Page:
The case of former ESPN employee Adrienne Lawrence and current anchor John Buccigross is heading down an unfortunate and familiar path.
Rather than addressing an alleged culture where women say they feel the need to hide pregnancies and brush off sexist comments, ESPN has decided to publicly nitpick an individual claim against one of the network’s more well-known anchors following a Boston Globe story about harassment within the company.
Lawrence, in talking with the Globe and in filings with the Connecticut Commission on Human Rights and Opportunities, shared examples of harassment by Buccigross who repeatedly called her “dollface”, “#dreamgirl” and sent a shirtless photo of himself to Lawrence via text message.
In response, ESPN released edited text messages between Buccigross and Lawrence “to provide important context about their friendship”.
The decision to release text messages between Lawrence and Buccigross doesn’t exactly prove the point the company wanted to. Instead it may underscore Lawrence’s argument.
— Katina Arnold (@KatinaESPN) December 14, 2017
It’s not worth parsing each individual message here. The overall tone, however, is worth noticing. There’s a playfulness on the part of Lawrence when talking about the Cleveland Cavaliers’ NBA title and then there’s Buccigross seemingly overreaching the level of familiarity between the two.
This isn’t an example of a gray area in the case against ESPN’s workplace culture. It’s another view of a broken system.
The national moment of reckoning is not kind, nor should it be. It is not meant to evaluate the supposed spectrum of acceptable workplace harassment. It is meant to throw the whole system out, emphasize that no one should be made to feel they need to tolerate a certain level of degradation in order to advance his or her career, and put a stop to the idea that intent matters more than impact.
To this end, Buccigross referring to Lawrence as “dollface” can’t be as playful as the anchor may assume because of his position of power and prominence within the company. It forces Lawrence to make an unfair decision between going along with Buccigross’ nickname, or calling out a superior and potentially ruining her relationship with higher-ups at ESPN.
— Adrienne Lawrence (@AdrienneLaw) December 15, 2017
Calling someone dollface is certainly not as harmful as the allegations against the likes of Donovan McNabb and Eric Davis, but the notion of claims being compared to one another to discern the severity of the allegations is ludicrous. Severity of harassment claims, needless to say, is irrelevant when claims exist. Lawrence’s case is a prime example of this.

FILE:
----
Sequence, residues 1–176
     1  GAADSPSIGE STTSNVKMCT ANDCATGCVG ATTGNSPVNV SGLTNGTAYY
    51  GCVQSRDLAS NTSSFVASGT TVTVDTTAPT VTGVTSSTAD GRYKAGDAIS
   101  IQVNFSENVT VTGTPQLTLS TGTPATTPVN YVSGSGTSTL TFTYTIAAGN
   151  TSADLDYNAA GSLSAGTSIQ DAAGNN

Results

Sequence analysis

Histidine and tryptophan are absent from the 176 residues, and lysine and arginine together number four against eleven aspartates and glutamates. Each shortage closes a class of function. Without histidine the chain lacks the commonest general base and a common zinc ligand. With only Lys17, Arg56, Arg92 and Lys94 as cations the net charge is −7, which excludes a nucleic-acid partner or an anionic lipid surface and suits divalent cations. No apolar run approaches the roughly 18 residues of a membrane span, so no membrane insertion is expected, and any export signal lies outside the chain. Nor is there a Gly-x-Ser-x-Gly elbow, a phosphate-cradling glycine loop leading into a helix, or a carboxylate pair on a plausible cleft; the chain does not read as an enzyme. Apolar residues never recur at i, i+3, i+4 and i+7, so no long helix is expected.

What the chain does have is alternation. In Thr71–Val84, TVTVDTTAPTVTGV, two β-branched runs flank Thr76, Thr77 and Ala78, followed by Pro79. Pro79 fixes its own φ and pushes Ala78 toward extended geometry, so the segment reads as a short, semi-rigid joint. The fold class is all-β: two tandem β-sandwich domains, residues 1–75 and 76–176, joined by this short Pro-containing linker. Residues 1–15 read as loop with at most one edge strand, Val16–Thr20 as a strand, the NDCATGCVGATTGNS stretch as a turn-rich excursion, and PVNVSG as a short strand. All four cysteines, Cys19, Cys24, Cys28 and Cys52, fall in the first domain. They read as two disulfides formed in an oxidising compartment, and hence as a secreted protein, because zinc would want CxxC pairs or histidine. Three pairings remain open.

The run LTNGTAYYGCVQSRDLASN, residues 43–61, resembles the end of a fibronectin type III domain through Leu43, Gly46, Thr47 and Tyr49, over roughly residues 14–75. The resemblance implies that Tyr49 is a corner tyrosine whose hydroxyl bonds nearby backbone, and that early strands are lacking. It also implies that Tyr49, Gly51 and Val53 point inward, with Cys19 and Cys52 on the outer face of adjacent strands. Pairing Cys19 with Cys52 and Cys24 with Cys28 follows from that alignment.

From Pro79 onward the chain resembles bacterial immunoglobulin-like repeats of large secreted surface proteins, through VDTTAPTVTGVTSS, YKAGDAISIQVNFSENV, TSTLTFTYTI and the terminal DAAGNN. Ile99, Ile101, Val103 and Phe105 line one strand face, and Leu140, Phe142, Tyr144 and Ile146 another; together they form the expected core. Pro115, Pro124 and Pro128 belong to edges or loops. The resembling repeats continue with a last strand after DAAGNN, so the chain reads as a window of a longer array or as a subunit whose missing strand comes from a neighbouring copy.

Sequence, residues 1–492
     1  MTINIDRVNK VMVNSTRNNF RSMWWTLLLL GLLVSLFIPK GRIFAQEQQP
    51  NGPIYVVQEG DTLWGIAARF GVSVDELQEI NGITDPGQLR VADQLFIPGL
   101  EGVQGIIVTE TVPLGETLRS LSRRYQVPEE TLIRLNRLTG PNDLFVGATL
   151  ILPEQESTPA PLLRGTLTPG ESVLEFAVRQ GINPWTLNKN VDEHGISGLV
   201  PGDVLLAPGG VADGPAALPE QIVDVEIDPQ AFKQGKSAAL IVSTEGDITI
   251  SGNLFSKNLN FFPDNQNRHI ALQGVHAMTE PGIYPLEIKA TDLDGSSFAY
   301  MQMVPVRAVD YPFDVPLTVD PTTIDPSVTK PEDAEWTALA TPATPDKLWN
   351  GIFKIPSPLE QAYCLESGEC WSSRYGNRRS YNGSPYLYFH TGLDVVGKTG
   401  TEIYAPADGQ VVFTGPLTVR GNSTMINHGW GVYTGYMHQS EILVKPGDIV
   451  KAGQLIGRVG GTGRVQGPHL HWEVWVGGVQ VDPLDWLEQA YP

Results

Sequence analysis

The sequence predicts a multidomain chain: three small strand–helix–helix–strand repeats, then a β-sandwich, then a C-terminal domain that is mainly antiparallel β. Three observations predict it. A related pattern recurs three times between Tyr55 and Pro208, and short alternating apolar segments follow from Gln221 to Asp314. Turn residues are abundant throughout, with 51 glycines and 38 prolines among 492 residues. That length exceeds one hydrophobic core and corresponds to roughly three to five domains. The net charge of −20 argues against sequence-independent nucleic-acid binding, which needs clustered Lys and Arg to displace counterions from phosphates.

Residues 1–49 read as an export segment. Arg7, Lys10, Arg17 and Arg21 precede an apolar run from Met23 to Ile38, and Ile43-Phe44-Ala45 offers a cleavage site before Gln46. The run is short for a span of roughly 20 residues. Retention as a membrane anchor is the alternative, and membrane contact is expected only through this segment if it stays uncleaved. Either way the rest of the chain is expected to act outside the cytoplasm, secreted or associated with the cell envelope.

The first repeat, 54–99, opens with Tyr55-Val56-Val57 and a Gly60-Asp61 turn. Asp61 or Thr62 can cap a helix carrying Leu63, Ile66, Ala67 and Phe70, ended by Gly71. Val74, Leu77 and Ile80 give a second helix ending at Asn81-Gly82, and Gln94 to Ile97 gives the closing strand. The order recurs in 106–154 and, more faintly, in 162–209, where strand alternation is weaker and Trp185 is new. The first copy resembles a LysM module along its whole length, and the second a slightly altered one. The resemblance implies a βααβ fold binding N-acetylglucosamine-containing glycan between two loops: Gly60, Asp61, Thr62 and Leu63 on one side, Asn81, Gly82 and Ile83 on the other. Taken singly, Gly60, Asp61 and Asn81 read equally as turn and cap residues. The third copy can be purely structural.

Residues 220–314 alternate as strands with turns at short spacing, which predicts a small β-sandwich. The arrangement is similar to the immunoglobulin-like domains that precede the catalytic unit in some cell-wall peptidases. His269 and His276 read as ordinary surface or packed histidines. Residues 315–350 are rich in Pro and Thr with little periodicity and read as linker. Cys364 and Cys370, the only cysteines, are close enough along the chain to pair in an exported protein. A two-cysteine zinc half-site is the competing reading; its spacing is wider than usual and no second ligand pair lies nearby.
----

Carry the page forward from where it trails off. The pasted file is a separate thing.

It’s easy to suspect that ESPN prefer you get caught up in the “he said, she said” aspect of the Lawrence-Buccigross story. The more you focus in on the smaller, individual pieces here, the less of the full picture is in plain view. From the 2011 book Those Guys Have All The Fun to the book ESPN: The Uncensored History published in 2001, there have been significant, documented examples of the culture called out by Lawrence and the Globe piece.
None of this should be new to the folks on campus in Bristol. Not when it comes to something so ingrained in our society that it takes a mass uprising for anyone to take action.
Lawrence wanted outsiders to look at ESPN’s culture. The company wanted to highlight a specific claim by Lawrence and draw attention there.
The bigger picture is more important. It always has been. It’s the only way things begin to change for the better. ESPN can continue assuming this is a story about one relationship in the office, continue throwing Lawrence under the bus — and making Buccigross look rather sleazy in the process — by releasing text messages and continue to view harassment on a spectrum.
But that’s not the issue here. It never has been. And it certainly won’t stop the reckoning from reaching The Worldwide Leader.
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